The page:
A Pill To Cure Jet-Lag Is Here – Ending Misery Of Millions Of Travelers Across Time Zones

A pill to cure jet-lag has been invented. Scientists claim the synthetic pill can reset the body clocks of weary travelers who traverse multiple time-zones.

Though many enjoy the idea of traveling long distances and visiting far-off, distant, and exotic destinations either for work or pleasure, regular travelers have always dreaded the inevitability of jet-lag. Fortunately for these weary travelers, a new revolutionary pill has been developed that promises to do away with the troubles associated with flying long distances, across time-zones.

Jet-lag is essentially the confusion that our minds have to endure about day and night. Humans are rather simplistic beings that are designed to sleep at night and be wakeful during the daylight hours. Traveling for long distances continuously upsets the natural rhythm that our bodies are accustomed to, leading to jet-lag. Jet-lag leads to stress, fatigue, nausea and, in extreme cases, jet-lag may even be responsible for heart diseases and cancer.

The pill, which is currently an experimental drug created by medical researchers, manages to synchronize blood cells in the body to effectively fool us into thinking night is day and vice versa. Published in journal of the Federation of American Studies for Experimental Biology, the new pill demonstrated for the first time, the role of the hormone cortisol in controlling the circadian rhythms. The jet-lag pills have been devised by scientists at Canada’s McGill University and the country’s specialist Douglas Mental Health University.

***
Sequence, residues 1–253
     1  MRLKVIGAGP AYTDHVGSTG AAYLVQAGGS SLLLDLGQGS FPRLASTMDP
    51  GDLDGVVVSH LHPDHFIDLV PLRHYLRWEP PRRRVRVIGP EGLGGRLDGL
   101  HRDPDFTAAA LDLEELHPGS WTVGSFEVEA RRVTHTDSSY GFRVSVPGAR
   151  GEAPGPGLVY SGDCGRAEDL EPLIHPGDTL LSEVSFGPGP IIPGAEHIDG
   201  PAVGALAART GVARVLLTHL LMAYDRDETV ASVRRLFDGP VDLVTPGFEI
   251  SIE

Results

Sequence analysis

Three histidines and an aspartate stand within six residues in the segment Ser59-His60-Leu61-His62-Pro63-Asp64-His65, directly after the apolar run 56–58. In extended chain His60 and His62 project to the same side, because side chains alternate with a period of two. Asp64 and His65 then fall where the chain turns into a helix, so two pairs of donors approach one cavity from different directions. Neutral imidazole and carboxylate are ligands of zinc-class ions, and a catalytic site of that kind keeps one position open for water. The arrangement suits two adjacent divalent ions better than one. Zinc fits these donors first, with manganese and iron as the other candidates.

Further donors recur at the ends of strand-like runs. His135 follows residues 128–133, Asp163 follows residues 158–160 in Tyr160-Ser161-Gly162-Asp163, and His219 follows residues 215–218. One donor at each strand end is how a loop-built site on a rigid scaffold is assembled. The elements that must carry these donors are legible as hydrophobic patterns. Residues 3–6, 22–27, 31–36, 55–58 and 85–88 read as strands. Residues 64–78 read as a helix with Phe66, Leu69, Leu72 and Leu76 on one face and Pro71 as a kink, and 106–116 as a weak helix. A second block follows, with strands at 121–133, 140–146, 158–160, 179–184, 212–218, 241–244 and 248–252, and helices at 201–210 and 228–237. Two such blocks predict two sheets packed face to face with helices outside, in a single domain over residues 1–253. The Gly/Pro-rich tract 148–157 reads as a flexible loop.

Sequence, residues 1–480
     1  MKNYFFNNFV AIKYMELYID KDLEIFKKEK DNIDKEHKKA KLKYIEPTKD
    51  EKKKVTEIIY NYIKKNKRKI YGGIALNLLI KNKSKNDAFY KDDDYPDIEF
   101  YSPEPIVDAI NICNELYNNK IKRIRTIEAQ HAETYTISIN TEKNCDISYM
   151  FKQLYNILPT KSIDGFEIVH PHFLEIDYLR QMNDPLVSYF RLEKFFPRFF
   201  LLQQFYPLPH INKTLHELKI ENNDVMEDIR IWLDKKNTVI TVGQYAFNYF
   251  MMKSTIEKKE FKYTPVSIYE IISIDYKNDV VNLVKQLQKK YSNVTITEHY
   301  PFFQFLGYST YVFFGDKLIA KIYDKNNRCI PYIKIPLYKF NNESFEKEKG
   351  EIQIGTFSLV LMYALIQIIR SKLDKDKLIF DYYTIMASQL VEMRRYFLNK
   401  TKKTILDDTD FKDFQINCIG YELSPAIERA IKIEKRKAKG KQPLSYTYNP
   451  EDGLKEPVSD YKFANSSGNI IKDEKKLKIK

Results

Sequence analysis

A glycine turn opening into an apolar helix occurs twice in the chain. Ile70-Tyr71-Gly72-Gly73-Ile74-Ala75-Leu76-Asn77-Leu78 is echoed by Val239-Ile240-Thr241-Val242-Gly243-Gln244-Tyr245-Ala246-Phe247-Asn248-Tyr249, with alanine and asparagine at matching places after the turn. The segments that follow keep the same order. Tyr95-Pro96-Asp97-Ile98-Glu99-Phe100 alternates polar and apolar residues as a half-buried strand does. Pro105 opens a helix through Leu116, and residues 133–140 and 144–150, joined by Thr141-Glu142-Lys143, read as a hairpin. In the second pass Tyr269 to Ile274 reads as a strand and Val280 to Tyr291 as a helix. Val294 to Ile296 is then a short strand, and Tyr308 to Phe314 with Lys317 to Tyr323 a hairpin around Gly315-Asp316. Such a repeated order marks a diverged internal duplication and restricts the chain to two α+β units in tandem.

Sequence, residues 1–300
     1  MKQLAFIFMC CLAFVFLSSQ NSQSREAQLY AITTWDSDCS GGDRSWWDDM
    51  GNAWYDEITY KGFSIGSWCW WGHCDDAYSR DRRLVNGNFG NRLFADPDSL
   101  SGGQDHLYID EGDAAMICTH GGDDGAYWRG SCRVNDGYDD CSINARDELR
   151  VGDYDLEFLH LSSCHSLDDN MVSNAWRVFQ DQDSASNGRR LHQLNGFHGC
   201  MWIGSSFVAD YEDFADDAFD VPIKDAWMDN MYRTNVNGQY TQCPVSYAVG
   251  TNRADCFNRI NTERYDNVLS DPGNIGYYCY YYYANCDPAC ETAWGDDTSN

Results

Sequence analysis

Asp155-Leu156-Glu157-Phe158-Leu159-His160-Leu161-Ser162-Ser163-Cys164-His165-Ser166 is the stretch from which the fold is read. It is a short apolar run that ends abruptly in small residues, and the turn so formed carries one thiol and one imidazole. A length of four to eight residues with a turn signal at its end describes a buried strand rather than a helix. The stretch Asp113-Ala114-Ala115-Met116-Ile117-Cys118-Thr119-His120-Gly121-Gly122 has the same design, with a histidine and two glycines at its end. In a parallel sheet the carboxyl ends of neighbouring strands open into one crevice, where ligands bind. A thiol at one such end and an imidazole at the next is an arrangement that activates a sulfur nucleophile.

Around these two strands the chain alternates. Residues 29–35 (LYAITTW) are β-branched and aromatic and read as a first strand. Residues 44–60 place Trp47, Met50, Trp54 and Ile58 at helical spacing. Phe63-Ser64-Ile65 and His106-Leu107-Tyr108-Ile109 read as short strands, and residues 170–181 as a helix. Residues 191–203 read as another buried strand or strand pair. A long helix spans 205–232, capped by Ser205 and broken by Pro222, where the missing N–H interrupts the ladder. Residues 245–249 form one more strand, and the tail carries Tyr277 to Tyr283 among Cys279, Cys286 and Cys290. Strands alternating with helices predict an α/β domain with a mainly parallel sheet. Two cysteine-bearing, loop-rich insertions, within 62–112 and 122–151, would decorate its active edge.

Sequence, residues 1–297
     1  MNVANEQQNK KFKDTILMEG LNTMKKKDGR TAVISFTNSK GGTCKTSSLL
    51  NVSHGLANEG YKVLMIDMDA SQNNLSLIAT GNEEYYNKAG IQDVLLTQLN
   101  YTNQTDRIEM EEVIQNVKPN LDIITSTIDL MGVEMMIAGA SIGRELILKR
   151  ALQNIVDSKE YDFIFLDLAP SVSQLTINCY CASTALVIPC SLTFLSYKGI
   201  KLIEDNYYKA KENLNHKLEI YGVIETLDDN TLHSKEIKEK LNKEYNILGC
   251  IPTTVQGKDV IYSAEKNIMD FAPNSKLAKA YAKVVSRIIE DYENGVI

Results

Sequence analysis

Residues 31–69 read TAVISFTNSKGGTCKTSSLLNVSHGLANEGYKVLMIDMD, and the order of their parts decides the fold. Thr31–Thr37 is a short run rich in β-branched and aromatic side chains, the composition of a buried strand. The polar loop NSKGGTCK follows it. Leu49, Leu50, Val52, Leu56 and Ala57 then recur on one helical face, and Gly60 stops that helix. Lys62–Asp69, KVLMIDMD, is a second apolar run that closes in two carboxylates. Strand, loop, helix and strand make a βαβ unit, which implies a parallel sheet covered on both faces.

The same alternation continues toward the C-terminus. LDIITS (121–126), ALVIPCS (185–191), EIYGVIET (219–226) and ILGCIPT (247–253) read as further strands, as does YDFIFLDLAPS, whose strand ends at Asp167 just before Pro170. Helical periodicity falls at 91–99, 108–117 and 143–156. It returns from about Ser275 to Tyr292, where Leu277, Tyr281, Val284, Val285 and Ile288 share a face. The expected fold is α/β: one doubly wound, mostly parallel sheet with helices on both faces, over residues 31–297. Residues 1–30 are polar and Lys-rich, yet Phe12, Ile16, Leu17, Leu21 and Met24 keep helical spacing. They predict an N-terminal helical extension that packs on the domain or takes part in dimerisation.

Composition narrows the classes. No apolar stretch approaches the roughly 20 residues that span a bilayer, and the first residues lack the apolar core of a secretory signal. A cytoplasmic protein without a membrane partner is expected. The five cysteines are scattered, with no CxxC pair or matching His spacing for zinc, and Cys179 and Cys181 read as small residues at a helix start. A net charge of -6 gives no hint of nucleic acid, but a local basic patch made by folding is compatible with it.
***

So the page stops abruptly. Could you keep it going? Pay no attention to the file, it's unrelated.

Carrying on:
Apart from being an effective cure for jet-lag, the pill will also be useful for people who work in the night. The pill works by manipulating the white blood cells which contain our biological clocks. This clock is controlled by a switch located deep within our brain. The cells are synchronized to control the body’s reaction to day and night. But the jet-lag pill, containing the steroid-based compound glucocorticoid, can effectively reset the settings. Speaking about the method, Dr. Nicolas Cermakian, co-author of the report, said the following.

“Animal studies have shown that our central clock (in the brain) sends signals to the clocks in our other organs. Glucocorticoids appear to play a central role in transmitting these signals. We studied the rhythmic expression of clock genes in white blood cells to see how they adjusted in response to glucocorticoids.”

Though researchers have cautioned that the pills are not yet fully ready for general use, they added that these pills for jet-lag “open the door to innovative therapies for those suffering as a result of disrupted sleep patterns.”

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